A month’s worth of games have been played by Ohio State. What does the numbers say about the team so far?
Let’s take a look at both the typical and not so typical stats behind the Buckeyes’ 3-1 start.
39.2: Ohio State’s points per game, which ranks 28th nationally.
229.8: Ohio State’s rushing yards per game, which ranks 25th nationally.
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319.2: The Buckeye’s passing yards per game, which actually ranks 14th in the country.
111: The total number of first downs for the Buckeyes, which is tied for the second most in college football and trails only the 113 from West Virginia. Only four of those first downs have come by penalty.
26:36: The average time of possession for the Buckeyes. Oddly enough, this trails their opponents’ average of 33:24.
42%: The Ohio State conversion rate on third down, sitting at a middle of the pack 59th in college football.
582: The number of all-purpose yards for Parris Campbell, which leads the Buckeyes. He is just ahead of J.K. Dobbins with 543 yards. After that? 187 yards by K.J. Hill
16: The team’s total punt return yards, including nine for Hill and seven by Damrio McCall.
3: The number of defensive backs in the top three on the team in tackles, Damon Webb leads the team with 25, followed by Erick Smith (22) and Damon Arnette (21).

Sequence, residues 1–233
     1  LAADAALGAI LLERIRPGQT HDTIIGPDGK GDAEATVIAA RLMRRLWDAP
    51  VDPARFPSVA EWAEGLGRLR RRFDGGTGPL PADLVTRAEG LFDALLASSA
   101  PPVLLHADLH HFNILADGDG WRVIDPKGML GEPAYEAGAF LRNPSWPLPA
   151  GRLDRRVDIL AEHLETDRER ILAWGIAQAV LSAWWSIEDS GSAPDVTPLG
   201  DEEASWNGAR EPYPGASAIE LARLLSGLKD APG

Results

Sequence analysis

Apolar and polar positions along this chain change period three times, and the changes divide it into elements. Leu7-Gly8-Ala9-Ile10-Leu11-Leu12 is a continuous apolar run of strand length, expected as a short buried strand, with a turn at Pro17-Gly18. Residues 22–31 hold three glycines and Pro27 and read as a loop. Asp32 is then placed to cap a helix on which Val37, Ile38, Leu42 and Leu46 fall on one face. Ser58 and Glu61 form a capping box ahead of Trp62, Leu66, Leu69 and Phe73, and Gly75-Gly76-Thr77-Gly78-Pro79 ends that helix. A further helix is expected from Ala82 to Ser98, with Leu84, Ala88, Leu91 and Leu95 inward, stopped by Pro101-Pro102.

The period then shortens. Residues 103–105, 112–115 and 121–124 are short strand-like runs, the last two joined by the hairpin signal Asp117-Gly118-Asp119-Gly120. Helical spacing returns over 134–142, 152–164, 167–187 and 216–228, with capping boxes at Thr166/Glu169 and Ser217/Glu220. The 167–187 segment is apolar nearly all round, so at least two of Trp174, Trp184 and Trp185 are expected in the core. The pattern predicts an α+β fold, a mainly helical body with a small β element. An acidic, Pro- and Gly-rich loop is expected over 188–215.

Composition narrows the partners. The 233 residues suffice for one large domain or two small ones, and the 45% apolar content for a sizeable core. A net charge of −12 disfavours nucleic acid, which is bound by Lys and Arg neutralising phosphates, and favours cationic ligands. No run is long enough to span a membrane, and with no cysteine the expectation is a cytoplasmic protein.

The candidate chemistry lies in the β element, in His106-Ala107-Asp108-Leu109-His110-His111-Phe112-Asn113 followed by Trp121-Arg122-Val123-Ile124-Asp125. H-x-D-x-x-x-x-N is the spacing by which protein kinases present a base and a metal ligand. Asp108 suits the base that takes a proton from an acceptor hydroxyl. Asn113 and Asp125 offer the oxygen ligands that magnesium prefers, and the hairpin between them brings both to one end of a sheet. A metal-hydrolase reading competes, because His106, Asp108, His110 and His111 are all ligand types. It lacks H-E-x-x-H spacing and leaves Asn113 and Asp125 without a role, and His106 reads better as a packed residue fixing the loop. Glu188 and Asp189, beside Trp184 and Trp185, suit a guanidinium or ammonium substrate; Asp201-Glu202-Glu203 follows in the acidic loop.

1: Number of players for Ohio State that have a tackle for loss in every game. That would be Nick Bosa, who leads the team in that category as well as in sacks.
913: The total number of passing yards allowed by the Ohio State defense. Divided over four games, that’s not so bad. However, remember that 806 of those yards came against Indiana and Oklahoma, or just over 88% of the team’s passing yards allowed.
Some of these numbers are interesting just for the sake of being interesting. But others, such as the passing yardage, time of possession, and reliance on tackles for loss to cover for the secondary, could catch up to the team later on. We’ll know more as Ohio State moves through Big Ten play in search of only the second conference title in the Urban Meyer era.